BT: APhA does not support any form of discrimination whether it be age, race, color, national origin, religion, sexual orientation, or disability. We recognize that the needs of the health care system and individual practices might shift, and we encourage employers and individual practitioners to reasonably provide or obtain the necessary skill sets to meet emerging needs.
Many have asked why APhA does not openly "call out" the biggest culprits of the mentioned infringements on the practice of pharmacy and the safety and well-being of both employees and patients. What do you have to say to that?
BT: They know who they are. Our goal is to do our best to promote constructive dialogue instead of lobbing missiles. That approach isn’t satisfying to some and we understand that. This has been discussed many times in the House of Delegates and in other settings. Typically, what happens is that policy is intended to be longstanding where it is better to address the issue than get engaged in name-calling. It is a small world and we often end up working with people we have disagreed with in the past, so naming specific entities is generally not done except in unique circumstances. The recommendations from this summer’s consensus conference do call for greater transparency and dialogue, and APhA and other organizations and individuals across the profession will be using the recommendations to address identified concerns.
Does APhA care about community pharmacists? Many have accused the organization of either abandoning traditional pharmacy roles or even actively working to harm those who work in the community. Can you tell us if APhA cares more about the "clinical" (ugh, sorry, I hate that descriptor in the way it is currently used, I have to choke on it a little) pharmacists than the others?
BT: This is one of the most interesting questions because it really speaks to the disconnect between APhA members and non-members. APhA and state associations are the leading advocates for community pharmacy practice. APhA specifically advocates that those using the term “clinical pharmacist” to differentiate from those practicing in community pharmacy are flat wrong! Community pharmacists ARE clinical pharmacists and provide direct patient care every day to real patients. There are residencies in community pharmacy because of APhA and pharmacists working through APhA to establish them, for the specific reason that APhA values community practice. Unlike other residencies where a pharmacy organization receives significant funding and fees, there is zero revenue to APhA. Our support of community pharmacy residencies is on our own dime. Additionally, the pharmacies that offer these residencies are not compensated. Yet, these residencies are a real cauldron of innovation and are essential for the long-term health of community pharmacy. We will continue to support them. Additionally, new clinical services have been established with and for community practice to broaden the clinical reach of community pharmacy. The APhA Foundation has and continues to highlight the value of community pharmacy and pharmacists through its demonstration projects.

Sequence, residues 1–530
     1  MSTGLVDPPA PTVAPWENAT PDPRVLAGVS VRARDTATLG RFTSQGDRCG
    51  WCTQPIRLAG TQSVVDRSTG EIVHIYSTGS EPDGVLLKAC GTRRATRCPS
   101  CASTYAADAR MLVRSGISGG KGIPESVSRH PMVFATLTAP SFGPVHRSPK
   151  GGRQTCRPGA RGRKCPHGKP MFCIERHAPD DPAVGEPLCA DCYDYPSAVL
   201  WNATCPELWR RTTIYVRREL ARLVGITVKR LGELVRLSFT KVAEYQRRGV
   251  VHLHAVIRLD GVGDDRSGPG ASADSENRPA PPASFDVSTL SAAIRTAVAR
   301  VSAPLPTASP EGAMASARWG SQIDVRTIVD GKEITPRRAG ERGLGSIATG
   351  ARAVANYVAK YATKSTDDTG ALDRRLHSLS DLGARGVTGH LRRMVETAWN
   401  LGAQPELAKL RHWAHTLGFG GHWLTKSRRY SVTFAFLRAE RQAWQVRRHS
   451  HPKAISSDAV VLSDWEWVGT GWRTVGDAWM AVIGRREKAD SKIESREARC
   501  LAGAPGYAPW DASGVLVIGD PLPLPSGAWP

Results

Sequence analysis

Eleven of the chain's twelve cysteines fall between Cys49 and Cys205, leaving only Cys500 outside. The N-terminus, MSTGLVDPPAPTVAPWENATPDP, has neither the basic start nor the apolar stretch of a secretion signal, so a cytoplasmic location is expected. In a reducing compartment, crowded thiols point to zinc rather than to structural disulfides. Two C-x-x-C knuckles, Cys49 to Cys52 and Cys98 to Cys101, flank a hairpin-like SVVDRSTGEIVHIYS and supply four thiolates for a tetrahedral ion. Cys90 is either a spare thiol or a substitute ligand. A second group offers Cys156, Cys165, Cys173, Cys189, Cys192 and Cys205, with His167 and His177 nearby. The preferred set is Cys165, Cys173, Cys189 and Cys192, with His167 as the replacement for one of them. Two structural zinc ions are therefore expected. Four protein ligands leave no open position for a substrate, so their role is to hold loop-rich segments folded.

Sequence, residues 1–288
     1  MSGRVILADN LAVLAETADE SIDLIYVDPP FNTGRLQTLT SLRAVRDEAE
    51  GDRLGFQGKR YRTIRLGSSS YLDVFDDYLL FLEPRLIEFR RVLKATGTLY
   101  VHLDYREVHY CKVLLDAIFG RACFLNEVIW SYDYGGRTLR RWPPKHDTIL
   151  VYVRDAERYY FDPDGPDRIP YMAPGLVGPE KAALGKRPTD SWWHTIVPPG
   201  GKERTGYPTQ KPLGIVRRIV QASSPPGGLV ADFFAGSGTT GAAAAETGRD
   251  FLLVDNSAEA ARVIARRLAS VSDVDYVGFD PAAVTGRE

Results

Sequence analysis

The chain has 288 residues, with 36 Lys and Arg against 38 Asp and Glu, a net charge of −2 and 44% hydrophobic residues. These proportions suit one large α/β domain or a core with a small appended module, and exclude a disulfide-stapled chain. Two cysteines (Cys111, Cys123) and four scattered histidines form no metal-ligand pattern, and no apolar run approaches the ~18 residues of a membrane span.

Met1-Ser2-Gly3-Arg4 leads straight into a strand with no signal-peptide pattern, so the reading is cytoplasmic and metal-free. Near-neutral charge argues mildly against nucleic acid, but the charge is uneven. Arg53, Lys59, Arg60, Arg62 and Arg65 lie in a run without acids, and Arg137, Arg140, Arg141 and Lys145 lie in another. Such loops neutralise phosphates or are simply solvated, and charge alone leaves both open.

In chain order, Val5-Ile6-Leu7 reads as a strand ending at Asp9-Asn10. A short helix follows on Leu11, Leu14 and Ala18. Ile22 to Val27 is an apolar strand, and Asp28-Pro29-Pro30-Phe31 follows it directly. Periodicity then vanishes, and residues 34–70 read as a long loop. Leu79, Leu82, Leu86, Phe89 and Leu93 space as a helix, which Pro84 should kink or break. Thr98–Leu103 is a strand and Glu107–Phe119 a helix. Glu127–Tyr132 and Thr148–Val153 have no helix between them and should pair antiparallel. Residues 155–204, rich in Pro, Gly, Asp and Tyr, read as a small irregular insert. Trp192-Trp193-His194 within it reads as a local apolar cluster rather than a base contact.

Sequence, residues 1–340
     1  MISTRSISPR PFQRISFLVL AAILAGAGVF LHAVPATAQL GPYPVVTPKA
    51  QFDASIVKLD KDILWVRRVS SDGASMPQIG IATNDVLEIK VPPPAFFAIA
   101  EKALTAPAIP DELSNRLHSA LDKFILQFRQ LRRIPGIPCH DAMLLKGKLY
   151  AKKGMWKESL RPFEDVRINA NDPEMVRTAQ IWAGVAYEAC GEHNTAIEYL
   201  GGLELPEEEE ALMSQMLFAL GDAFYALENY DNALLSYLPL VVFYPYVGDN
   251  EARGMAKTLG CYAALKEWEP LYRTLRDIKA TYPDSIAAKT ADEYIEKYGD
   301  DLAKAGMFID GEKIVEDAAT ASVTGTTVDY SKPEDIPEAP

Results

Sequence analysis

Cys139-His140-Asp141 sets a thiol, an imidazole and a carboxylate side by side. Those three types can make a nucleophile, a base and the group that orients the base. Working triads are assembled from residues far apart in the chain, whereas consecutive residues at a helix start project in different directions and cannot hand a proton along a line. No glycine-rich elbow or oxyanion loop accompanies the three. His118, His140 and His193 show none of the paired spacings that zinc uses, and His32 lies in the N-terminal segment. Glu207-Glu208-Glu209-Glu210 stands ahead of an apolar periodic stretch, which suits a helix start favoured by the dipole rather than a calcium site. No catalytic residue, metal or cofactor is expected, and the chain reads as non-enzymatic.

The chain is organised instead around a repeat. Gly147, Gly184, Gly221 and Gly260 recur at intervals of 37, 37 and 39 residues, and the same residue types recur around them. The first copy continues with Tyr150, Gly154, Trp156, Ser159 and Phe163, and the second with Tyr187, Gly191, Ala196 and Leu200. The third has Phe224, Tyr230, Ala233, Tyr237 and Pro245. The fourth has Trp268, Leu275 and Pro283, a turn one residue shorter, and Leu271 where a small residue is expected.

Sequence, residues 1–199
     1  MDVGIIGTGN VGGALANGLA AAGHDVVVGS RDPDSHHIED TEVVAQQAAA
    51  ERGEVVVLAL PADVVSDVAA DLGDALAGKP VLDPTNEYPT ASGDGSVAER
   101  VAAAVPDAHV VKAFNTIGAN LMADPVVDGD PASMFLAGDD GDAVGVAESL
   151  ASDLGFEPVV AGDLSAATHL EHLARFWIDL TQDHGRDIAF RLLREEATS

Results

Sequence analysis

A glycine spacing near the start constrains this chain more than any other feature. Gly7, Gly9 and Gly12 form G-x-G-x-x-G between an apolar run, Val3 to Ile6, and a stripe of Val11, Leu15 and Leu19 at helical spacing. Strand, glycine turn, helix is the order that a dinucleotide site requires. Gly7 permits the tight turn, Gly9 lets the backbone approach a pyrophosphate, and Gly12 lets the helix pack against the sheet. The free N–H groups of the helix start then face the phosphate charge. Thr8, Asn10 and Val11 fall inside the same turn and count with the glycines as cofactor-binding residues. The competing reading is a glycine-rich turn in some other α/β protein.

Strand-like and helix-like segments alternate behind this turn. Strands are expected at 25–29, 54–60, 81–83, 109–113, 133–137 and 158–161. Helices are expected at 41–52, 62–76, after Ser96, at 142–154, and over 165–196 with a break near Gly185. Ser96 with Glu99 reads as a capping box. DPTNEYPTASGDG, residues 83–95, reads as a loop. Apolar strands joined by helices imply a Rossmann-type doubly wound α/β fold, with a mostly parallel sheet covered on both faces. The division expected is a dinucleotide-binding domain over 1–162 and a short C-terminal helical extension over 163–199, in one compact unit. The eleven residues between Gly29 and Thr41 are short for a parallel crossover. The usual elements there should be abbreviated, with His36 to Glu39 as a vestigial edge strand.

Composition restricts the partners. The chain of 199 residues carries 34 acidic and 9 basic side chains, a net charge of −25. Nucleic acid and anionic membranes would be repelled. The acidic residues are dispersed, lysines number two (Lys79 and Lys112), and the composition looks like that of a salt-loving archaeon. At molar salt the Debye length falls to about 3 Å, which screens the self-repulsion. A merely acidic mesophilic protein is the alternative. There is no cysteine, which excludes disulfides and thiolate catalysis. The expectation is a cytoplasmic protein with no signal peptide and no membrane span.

APhA’s academies and House of Delegates have called for the development of mechanisms for referral between pharmacy practitioners and between pharmacists and other health practitioners. We have created resources to support this work, and our work on transitions of care have also supported the removal of actual or perceived barriers between pharmacy practitioners.
What does APhA offer to pharmacy technicians? Is there any consideration towards advocacy for these often under-appreciated folks who bear much of the brunt of an increasingly dissatisfied public for meager wages?
BT: APhA is one of the founding organizations of the Pharmacy Technician Certification Board (PTCB), created to provide recognition and consistency for technicians, who play an important role on the pharmacy team. Through PTCB certification, we have seen enhanced salaries and advanced roles for technicians, and increased confidence in the knowledge of the technicians they work with for pharmacists. While pharmacy technicians are not a major proportion of APhA’s membership, we do provide education, resources, recognition, and networking opportunities for pharmacy technicians.
Interview continues in:
Part 1: background, introduction, pharmacy working conditions
Part 2: oversaturation, regulatory capture, PBM/DIR abuse, and the practices and number of pharmacy schools, resident pay
Part 4: CEO compensation, provider status, "too little too late", Dr. Tice's blogging and social media involvement, and Dr. Tice's new opportunity, Aspen RxHealth
Part 5: The Cynical Pharmacist came to play! Read about compensation for services, corporate abuse of scope of practice, polling and scientific studies on the state of the profession
Footnote from Dr. Tice:
"Thank you for the opportunity and taking the time to read the responses. If there is something missing, that you do not like, or even better yet, that you do like and what to get more engaged, please feel free to reach out to me directly at firstname.lastname@example.org or text me at 615-574-9638."
As a note from PA to my readers: PLEASE, help with providing constructive feedback and represent our community well. Dr. Tice spent a great deal of time to provide us with these answers to questions I curated from site member feedback. If you take issue with his answers, please say so in a respectfully dissenting manner. Dr. Tice's contact information is listed at the bottom of each installment and he is listening to your feedback. I would love to see the conversation continue in the blog comments below each installment.